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Crossword clues for campanile

Longman Dictionary of Contemporary English
▪ A Medieval campanile has been added to one end of the Mausoleum and a Choir at the other.
▪ In front of this again is an octagonal baptistery and further west still a later campanile.
▪ Jasper stood looking at the bell rope which came out of a small square aperture at what was the base of the campanile.
▪ The campaniles were separate but not generally as tall as Lombard ones.
▪ The adjacent campanile is also interesting and is a combination of Norman and Byzantine work.
▪ The great campanile, over 300 feet in height, was built between the twelfth and sixteenth centuries.
▪ They were also responsible for the reliefs decorating the campanile of the cathedral in Split.
▪ Today only the superb campanile and a section of the right side of the church remain from the original fourteenth-century building.
The Collaborative International Dictionary

Campanile \Cam`pa*ni"le\, n. [It. campanile bell tower, steeple, fr. It. & LL. campana bell.] (Arch.) A bell tower, esp. one built separate from a church.

Many of the campaniles of Italy are lofty and magnificent structures.

Douglas Harper's Etymology Dictionary

1630s, from Italian, from campana "bell," from Late Latin campana, originally "metal vessel made in Campania," region around Naples.


n. A bell tower (now especially when freestanding), often associated with a church or other public building, especially in Italy.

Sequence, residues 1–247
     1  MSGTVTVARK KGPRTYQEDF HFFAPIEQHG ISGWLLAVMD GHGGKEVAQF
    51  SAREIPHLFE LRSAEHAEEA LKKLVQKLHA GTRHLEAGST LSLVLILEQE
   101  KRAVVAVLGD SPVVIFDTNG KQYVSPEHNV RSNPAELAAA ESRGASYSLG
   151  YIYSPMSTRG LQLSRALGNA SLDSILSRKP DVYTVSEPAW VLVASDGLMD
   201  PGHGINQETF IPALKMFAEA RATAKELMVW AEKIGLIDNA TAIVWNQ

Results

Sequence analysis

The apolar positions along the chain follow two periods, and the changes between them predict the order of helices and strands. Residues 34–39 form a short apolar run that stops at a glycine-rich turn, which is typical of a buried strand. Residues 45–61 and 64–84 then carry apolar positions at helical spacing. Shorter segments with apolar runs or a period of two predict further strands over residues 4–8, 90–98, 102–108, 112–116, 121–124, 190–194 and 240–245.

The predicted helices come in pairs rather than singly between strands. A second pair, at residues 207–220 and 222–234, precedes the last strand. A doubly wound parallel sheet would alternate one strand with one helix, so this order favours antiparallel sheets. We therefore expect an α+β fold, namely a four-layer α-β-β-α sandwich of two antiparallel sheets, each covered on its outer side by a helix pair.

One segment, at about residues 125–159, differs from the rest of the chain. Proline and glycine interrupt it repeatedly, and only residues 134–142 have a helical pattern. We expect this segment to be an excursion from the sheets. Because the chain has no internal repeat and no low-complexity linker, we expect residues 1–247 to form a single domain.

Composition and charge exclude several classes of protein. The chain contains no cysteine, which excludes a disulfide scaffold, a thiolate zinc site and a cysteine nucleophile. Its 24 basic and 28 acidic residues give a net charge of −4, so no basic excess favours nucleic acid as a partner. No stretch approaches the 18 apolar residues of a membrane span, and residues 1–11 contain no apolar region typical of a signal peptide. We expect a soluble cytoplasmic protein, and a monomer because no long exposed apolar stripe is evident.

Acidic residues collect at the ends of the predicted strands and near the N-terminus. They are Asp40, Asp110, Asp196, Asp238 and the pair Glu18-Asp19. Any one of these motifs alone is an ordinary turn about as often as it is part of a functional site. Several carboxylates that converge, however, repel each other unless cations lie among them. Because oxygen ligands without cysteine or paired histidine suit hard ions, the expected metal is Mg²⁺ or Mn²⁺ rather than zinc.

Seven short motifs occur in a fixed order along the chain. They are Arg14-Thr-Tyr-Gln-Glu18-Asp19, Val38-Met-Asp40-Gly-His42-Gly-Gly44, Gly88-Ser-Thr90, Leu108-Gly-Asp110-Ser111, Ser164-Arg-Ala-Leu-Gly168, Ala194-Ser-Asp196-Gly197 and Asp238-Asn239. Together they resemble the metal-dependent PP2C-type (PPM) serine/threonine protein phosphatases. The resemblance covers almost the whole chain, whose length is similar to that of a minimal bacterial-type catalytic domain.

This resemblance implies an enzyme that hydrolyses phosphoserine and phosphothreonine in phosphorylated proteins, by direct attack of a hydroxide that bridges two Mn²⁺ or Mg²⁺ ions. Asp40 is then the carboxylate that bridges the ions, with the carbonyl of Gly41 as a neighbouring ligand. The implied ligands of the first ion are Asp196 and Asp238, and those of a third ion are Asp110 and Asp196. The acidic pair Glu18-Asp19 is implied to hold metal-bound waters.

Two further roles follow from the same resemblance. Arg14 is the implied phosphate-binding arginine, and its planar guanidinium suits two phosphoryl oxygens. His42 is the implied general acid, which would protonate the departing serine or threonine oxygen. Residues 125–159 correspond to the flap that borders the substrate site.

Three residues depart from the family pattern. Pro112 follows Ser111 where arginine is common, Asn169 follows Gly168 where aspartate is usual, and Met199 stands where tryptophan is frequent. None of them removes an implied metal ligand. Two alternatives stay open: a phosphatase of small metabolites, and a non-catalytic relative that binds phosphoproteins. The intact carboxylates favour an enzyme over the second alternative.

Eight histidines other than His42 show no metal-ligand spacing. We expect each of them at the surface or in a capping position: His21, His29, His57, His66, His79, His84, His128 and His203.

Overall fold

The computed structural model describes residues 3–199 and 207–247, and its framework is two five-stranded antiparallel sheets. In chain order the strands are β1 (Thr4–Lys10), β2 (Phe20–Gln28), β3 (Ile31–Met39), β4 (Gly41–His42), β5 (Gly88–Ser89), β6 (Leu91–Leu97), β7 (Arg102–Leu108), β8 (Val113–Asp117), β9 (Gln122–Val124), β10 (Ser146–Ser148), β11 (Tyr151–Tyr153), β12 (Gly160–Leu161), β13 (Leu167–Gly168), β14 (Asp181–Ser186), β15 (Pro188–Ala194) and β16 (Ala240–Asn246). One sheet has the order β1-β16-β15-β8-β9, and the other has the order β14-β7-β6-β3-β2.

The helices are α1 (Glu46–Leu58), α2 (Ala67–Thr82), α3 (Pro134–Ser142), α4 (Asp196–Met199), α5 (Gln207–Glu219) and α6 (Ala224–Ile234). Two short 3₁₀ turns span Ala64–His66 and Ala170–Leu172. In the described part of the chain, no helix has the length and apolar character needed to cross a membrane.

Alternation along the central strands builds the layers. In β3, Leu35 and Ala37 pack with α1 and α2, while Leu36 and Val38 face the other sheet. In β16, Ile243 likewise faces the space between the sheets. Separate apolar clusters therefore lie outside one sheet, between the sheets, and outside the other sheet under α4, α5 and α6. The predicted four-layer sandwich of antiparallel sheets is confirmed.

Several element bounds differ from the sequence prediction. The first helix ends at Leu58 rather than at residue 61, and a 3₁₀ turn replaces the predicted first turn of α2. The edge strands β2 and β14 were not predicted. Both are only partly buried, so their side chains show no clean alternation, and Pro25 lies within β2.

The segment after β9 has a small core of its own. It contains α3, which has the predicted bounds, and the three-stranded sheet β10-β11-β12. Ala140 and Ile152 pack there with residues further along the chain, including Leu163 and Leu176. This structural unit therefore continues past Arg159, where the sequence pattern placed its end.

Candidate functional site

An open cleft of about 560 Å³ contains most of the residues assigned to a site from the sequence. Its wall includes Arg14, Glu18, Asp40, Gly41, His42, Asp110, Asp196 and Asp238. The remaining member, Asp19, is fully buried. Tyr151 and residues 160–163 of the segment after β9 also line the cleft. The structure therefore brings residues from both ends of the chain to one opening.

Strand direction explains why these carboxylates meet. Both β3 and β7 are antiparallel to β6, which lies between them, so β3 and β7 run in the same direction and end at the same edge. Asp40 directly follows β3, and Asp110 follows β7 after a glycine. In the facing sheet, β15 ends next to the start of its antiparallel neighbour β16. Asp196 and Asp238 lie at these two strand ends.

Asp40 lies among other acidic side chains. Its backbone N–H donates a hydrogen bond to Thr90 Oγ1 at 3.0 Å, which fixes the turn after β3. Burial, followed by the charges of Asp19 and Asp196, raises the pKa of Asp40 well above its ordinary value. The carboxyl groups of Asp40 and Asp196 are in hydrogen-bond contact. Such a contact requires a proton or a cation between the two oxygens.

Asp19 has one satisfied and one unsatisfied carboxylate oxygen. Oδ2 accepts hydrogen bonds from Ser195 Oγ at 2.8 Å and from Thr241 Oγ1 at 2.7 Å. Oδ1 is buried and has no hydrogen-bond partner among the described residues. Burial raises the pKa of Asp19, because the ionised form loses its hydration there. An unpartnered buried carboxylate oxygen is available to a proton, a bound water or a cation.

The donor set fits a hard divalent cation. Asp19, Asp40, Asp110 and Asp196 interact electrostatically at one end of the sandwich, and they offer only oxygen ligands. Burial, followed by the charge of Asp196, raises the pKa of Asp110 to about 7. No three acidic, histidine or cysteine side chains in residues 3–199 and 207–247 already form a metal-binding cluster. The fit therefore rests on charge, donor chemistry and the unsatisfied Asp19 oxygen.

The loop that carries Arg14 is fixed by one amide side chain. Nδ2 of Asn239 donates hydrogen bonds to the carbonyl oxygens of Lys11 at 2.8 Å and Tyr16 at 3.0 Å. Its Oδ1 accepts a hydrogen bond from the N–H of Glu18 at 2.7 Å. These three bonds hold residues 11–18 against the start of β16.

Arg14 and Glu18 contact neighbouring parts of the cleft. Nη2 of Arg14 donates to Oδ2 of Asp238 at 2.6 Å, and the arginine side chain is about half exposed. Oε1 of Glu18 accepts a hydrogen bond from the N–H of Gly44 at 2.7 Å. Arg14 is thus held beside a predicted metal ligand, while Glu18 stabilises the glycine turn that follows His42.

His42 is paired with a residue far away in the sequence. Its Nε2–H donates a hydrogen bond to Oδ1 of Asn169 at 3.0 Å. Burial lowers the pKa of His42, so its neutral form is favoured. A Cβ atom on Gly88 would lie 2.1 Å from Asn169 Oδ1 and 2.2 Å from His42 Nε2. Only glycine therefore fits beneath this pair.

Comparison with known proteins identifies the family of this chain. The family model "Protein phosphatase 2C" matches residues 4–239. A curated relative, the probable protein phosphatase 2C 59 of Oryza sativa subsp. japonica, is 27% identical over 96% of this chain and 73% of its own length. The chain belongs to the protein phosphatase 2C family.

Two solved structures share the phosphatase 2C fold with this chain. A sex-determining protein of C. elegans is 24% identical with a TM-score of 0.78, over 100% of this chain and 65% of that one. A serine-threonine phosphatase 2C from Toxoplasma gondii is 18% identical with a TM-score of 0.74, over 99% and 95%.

n. a bell tower; usually stands alone unattached to a building [syn: belfry]

Campanile (Iowa State University)

The Iowa State UniversityCampanile is located on Iowa State's central campus, and is home to the Stanton Memorial Carillon. The campanile is widely seen as one of the major symbols of Iowa State University. It is featured prominently on the university's official ring and the university's mace, and is also the subject of the university's alma mater ("The Bells of Iowa State").

Campanile (gastropod)

Campanile is a genus of large sea snails, marine gastropod molluscs in the family Campanilidae.

All species in this genus have become extinct, except Campanile symbolicum Iredale, 1917 from southwestern Australia. They used to flourish in the Tethys Sea and underwent a widespread adaptive radiation in the Cenozoic.

Campanile (disambiguation)

A campanile is a bell tower. Campanile may also refer to

Campanile (Trinity College, Dublin)

The Campanile of Trinity College, Dublin is a bell tower and one of its most iconic landmarks. Donated by then Archbishop of Armagh, Lord John Beresford it was designed by Sir Charles Lanyon, sculpted by Thomas Kirk and finished in 1853.

Campanile (cake)

Campanile ( Corsican; u campanile, meaning "the bell tower", pl. campanili) is a Corsican cake generally shaped as a crown, made of yeast dough. It is a typical dessert of the cuisine of Corsica and is a traditional Easter cake: the boiled eggs in the cake look like little bells inside the bell tower and represent the renewed fertility of the earth after the end of winter, remembering also the tradition to unleash the bells at Easter, after having tethered them at Good Friday.